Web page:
Jon Shapley/Staff photographer

3. Lone Star Flight Museum

Taking a trip across town toward Trinity Bay, Houstonians who like flying can vote at the Lone Star Flight Museum’s event center. The museum, which moved from Galveston to Ellington seven years ago because of damage from Hurricane Ike, sits on 130,000 square feet and boasts two large hangars with more than 30 airplanes.

While the museum doesn’t offer a discounted ticket for voters, anyone who comes to the event center’s polls Tuesday between 10 a.m. and 5 p.m. is welcome to buy an $18 ticket and check out the facilities, said Chief Operating Officer Anna Hawley.


For aircraft enthusiasts, some of the most-loved attractions are a World War II-era B-25 and an early private jet outfitted from wartime crafts, Hawley said.

Address: 11551 Aerospace Ave., Event Center Room 156



Westfield Volunteer Fire Station 2 on Wednesday, Nov. 1, 2023 in Houston. The small firehouse will be converted into a polling station on Election Day this year.

Elizabeth Conley/Staff Photographer


4. Westfield Volunteer Fire Station 2


While the Westfield Road Volunteer Fire Department isn’t the only fire station open on Election Day, it’s the smallest. To open their three bays for polls, Westfield firefighters have to take their trucks out of the garage and park them in the lot or street, Westfield Fire Chief Adrian Dillehay said.

They don’t mind, though, because this substation is walkable for much of the low-income area, just south of East Aldine, so they’re happy to help the community, he said. And though the building is small, it was built with love by volunteer firefighters from the neighborhood in the 1970s. The city only started partially funding the fire department in 2006 through an emergency services tax district, said Dillehay, who’s worked there 19 years and moonlights as a Houston Fire Department firefighter.


Address: 11255 Bentley St., Bay main area



Voters cast their ballots at Cypress Fairbanks Funeral Home in Houston on Tuesday, Nov. 3, 2020. The funeral home was one of a few that were used in Harris County for polling locations on Election Day.

Elizabeth Conley/Staff photographer

5. Cypress-Fairbanks Funeral Home


There are three funeral homes serving as Harris County voting locations. Cypress-Fairbanks Funeral Home in northwest Harris County’s Cy-Fair neighborhood has opened up its library for the past six years for residents to vote, manager Stacy Avist said. They usually have a turnout of around a few hundred. The funeral home was once a private residence, so it has home-like decor throughout the space. The library with tiled floors and a non-operational fireplace was once a garage that’s now been transformed into a greeting room off the chapel for funeral patrons. The business is next to a subdivision, making it convenient for residents to vote, Avist said.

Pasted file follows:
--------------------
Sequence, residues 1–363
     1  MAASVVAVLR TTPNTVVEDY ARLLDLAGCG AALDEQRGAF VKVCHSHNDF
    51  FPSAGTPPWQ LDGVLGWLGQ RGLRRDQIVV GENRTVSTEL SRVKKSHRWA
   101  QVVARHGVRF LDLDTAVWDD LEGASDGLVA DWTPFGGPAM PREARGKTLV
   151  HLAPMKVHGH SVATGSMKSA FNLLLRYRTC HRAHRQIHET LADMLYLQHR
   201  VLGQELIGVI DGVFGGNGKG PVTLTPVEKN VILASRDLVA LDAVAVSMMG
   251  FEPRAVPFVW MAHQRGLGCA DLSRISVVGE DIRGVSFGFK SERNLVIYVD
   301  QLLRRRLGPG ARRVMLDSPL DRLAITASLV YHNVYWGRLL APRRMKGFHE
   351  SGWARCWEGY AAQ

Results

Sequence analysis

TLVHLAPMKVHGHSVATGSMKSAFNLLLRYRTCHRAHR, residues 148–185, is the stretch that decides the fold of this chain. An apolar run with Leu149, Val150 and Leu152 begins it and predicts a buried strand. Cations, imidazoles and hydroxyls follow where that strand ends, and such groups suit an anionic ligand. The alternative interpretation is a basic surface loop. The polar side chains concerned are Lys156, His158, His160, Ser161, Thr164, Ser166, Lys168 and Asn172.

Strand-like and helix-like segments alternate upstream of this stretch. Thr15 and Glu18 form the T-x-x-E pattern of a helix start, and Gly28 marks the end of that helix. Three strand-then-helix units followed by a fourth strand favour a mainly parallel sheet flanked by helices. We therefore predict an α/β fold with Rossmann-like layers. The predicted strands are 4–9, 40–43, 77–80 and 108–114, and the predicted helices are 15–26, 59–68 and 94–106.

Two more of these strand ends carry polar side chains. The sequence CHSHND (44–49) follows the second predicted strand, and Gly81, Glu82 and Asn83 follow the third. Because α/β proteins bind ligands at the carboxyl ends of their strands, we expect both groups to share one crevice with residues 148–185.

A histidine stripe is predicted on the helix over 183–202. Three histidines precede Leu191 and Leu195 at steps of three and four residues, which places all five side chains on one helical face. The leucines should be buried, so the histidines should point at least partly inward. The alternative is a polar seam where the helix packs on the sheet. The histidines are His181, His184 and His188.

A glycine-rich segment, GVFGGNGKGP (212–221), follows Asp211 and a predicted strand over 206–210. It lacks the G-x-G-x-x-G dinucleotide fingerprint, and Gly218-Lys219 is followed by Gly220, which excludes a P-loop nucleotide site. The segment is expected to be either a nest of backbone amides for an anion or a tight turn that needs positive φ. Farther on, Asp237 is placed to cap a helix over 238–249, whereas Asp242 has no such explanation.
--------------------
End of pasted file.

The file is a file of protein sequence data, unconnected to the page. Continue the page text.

Address: 9926 Jones Road, library




6. Arabia Shriners


The Arabia Shriners are part of a philanthropic fraternity known for funding children’s hospitals across North America and driving tiny cars in parades. Its members are also part of the largest and oldest secret society, the Freemasons. For the first time this year, the Houston chapter is opening its central meeting place in West Houston for voters who want to cast their ballots. The building used to be a warehouse for Westinghouse Electrics where they kept air conditioners, power generators, and other electrical devices before the Shriners took it over, recorder Dale Dickman said.


Address: 10510 Harwin Drive



Nov 3, 2023|Updated Nov 4, 2023 4:05 p.m.

 




Elizabeth Sander is a Hearst Fellow for the Houston Chronicle covering local politics and breaking news. She can be reached at elizabeth.sander@houstonchronicle.com.


Elizabeth spent the first year of her fellowship at the San Antonio Express-News, covering education and breaking news. She is a graduate of Columbia University's School of Journalism and Tufts University.


Find her previous work in The New York Times, San Antonio Express-News, Observer Media and Horse Illustrated.